New Music is music that pushes boundaries and challenges the system of labels. Without an obvious label, the music is called “new” and once there is enough similar music, a new and more descriptive label is coined.

I definitely agree with this and I wonder if we haven’t reached a place where the need for the term “new music” hasn’t, indeed, died and is no longer necessary. Between web search keywords, categorizations and micro-genres that might only consist of a handful of artists, is there a need for such a broad categorization such as “new music”.

I think so.

I think that there is a need for a broad new music genre, maybe now, more than ever, because the term “new music” alludes to something greater than a mish-mash of words. I think of John Schaeffer’s long running WNYC program New Sounds, which, on some level, is one of only, well… honestly, I can’t think of another program like New Sounds, that truly encapsulates what New Music is and what it can be. New Music can be many things, but more often than not, it’s a hybrid music, it’s a sophisticated music, and when it’s not it’s often done in response to sophistication in music. It’s an interesting music, both evocative and provocative. New Music is usually, in fact, new sounds and or old musical ideas done in new ways.

The tools to make and distribute new music are more readily available than ever before, while the promotion and general findability of this music is abysmal. Whether due to mis-categorization, bad keyworking, micro-genres, or possibly just obscurity, new music is hard to come by. This is what leads to me ask the question of who’s fostering new music for the future.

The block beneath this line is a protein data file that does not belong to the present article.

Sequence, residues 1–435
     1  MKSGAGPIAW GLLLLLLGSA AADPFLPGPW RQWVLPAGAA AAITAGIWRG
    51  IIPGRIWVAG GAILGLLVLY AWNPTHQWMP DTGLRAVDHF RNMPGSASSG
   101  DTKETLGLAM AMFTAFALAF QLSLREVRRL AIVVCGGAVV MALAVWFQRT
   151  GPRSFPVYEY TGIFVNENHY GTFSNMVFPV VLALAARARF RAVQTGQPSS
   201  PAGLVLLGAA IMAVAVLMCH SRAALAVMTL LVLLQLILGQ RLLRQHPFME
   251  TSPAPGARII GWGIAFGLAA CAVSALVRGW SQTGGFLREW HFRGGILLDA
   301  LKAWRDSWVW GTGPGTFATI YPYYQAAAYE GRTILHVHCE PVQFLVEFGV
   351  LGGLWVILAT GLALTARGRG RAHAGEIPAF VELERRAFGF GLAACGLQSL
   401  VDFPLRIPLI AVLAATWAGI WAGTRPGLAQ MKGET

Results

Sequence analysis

People like John Schaeffer, John Diliberto from Echoes, Stephen Hill from Music from the Hearts of Space, Manfred Eichner from ECM Recordings, and writer Alex Ross are just a few of those folks who’ve done much to foster new music, but all but Ross, are Baby Boomers, who are getting older and while living longer, it’s not inconceivable to believe that they’ll retire one day, or just not be around forever and then who’s the keeper of the flame?  I was struck by this question as I sat and listened to New Sounds… who is going to be doing New Sounds in 20 or 30 years? Who’s going to be doing Echoes or Music from the Hearts of Space or running ECM? Naturally, one is led to think that the  younger upstarts that are out there will take the reigns, but who are those people?

I’ve looked at record labels, I’ve looked at what’s left of publishing, both web & print, both periodicals and books. I’ve looked at all of the various radio programs, both public and community radio… Commercial radio gave up decades ago… Labels, only very rarely, foster/curate artists like ECM, or Windham Hill, or even Blue Note. Anybody can have a label these days, but the value proposition seems such that the majority is done by folks most eager to push their own work rather than assemble the work of others for folks to hear. Publishing, for music and what would be known now, as musicological literature is either academic or almost not at all, whereas it wasn’t always that way… Periodicals…? What periodicals? Public radio has a few programs sprinkled here and there, but with syndication, there’s very little local that could one day blossom into the next Echoes or Music from the Hearts of Space and bring a greater awareness to music, especially with the bad precedent set of syndicating a retired program like Car Talk ad infinitum… Why take a chance on anything new when the same drivel can be pumped out for years to come… It worked for Happy Days, right?